We studied the influence of the surface on the magnetic properties like spin and orbital magnetic moments, spin canting, and the so-called Verwey transition, a phase transition that occurs in pure magnetite only. Parts of our results are supported by DFT calculations performed by Soumyajyoti Haldar and Sumanta Bhandary at the Uppsala University.

Selected publications: Collaborations:
    Dr. Detlef Schmitz, Helmholtz-Zentrum Berlin
    Dr. Masih Darbandi, Vanderbilt U.
    Prof. Dr. Heiko Wende, U. Duisburg-Essen
    Dr. Biplab Sanyal, Uppsala U.

Multiferroic nanocomposites

multiferroic nanoparticles Multiferroic materials showing both magnetic and electric ordering allow an additional degree of freedom in the design of actuators, transducers and storage devices and thus have attracted scientific interest from the technological perspective as well as from basic research. Because the choice of single-phase multiferroic materials being suitable at room temperature is limited, the use of magnetoelectric two-phase composites has proven to be more promising.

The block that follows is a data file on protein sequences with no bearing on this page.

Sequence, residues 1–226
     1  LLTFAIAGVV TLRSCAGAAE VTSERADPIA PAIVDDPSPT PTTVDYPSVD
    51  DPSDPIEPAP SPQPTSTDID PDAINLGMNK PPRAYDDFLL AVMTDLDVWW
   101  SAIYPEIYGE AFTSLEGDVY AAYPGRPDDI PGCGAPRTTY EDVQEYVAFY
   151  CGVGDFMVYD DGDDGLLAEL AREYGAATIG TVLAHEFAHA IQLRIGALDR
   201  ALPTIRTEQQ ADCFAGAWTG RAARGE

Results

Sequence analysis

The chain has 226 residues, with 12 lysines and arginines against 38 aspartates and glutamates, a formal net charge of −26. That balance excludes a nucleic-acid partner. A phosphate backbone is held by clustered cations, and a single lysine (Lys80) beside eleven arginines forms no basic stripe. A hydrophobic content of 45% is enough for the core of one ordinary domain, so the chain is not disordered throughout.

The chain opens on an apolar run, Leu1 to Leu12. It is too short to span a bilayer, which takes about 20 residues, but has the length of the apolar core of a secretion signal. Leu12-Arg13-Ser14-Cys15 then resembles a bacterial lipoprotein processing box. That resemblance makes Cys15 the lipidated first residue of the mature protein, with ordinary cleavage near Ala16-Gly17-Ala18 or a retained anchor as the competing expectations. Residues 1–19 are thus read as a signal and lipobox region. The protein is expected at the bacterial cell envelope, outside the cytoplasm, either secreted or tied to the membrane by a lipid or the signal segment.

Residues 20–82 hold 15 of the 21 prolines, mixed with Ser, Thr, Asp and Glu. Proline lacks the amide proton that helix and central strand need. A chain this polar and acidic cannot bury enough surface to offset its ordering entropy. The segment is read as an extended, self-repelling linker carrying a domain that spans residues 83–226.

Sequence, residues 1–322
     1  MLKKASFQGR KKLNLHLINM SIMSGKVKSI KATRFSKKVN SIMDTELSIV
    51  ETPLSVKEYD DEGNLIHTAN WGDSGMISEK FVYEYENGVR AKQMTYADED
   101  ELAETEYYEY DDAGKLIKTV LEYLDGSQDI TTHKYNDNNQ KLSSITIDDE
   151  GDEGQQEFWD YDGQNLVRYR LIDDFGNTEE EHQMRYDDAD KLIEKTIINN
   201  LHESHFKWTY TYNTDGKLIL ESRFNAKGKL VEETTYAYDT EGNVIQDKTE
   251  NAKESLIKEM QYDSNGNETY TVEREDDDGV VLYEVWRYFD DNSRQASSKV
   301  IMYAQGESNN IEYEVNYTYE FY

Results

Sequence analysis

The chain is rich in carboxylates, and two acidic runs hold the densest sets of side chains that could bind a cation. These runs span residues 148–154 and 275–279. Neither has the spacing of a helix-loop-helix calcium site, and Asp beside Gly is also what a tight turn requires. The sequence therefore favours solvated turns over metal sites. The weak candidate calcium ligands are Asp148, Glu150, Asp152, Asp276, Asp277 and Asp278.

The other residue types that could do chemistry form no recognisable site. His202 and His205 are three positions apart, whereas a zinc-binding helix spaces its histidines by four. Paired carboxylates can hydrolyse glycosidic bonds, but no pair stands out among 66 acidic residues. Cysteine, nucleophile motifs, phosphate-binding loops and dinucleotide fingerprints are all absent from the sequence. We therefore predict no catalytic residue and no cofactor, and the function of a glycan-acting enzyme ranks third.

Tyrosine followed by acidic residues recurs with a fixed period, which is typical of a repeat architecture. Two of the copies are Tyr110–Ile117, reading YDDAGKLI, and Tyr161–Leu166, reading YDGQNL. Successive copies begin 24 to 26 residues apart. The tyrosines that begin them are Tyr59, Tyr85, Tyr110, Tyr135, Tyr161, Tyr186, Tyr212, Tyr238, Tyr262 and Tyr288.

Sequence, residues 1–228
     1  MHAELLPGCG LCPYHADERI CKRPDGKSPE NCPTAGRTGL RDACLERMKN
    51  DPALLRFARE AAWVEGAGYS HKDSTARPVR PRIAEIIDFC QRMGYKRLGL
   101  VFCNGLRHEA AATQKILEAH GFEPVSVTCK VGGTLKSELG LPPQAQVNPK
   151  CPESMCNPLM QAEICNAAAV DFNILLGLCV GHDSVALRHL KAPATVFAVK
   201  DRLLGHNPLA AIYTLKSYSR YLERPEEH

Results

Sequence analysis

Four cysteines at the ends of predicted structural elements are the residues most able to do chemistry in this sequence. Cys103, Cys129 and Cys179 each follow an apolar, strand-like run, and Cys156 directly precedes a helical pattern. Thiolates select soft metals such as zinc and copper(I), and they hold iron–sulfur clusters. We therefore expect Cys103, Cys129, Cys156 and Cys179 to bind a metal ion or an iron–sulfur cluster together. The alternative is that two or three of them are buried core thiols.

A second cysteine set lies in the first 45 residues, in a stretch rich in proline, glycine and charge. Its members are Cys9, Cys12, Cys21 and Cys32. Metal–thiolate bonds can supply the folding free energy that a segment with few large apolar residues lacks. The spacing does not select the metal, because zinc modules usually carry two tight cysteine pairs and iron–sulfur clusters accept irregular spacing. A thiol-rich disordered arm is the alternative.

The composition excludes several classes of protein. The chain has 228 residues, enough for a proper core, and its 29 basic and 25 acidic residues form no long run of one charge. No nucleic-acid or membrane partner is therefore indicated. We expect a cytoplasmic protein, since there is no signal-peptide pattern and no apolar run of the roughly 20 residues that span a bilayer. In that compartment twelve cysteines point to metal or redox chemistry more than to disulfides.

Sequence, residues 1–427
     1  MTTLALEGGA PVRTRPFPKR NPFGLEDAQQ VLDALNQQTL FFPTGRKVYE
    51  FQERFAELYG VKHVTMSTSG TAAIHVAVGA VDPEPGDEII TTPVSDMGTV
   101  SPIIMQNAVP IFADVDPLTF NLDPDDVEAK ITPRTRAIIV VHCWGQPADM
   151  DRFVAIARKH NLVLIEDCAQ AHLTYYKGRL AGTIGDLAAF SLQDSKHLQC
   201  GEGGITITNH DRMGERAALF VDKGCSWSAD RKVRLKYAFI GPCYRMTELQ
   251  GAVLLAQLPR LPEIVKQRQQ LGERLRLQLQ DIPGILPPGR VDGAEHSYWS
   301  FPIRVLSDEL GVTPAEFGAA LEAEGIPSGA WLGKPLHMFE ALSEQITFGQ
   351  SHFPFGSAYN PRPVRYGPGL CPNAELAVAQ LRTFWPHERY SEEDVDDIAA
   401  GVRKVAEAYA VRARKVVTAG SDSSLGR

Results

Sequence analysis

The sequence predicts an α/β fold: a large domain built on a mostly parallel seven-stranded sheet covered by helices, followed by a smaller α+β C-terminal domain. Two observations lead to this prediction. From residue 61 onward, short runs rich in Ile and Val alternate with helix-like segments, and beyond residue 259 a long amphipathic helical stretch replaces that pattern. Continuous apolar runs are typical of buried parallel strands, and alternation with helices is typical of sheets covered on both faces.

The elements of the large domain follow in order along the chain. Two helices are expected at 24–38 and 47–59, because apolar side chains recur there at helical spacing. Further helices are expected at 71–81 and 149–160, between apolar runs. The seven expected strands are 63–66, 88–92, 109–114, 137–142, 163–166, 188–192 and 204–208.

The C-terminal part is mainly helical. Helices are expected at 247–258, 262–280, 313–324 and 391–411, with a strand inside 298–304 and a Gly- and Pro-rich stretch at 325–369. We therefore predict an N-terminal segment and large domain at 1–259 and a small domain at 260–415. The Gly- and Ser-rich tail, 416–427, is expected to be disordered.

In our work, we studied nanocomposites of ferroelectric BaTiO3 (BTO) and ferrimagnetic CoFe2O4 (CFO). By pulsed laser deposition (PLD) CFO nanopillers in a BTO matrix -a so-called (1,3)-type composite - were grown epitaxially by Dr. Pavel Borisov in the group of Prof. W. Kleemann. Starting from CFO and BTO nanoparticles, ceramic samples of CFO grains in a BTO matrix ((0,3)-type) as well as BTO grains in a CFO matrix ((3,0)-type) were obtained by sintering and annealing in the group of Prof. D.C. Lupascu. The coupling between CFO and BTO was studied by x-ray absorption spectroscopy at the Ti and Co L3,2 absorption edges and its linear and circular dichroisms. For the epitaxial (1,3)-type composite we were able to demonstrate that an in-plane magnetic field breaks the tetragonal symmetry of the structures and discussed it in terms of off-diagonal magnetostrictive-piezo-electric coupling. This coupling creates staggered in-plane components of the electric polarisation, which are stable even at magnetic remanence due to hysteretic behaviour of structural changes in the BTO matrix.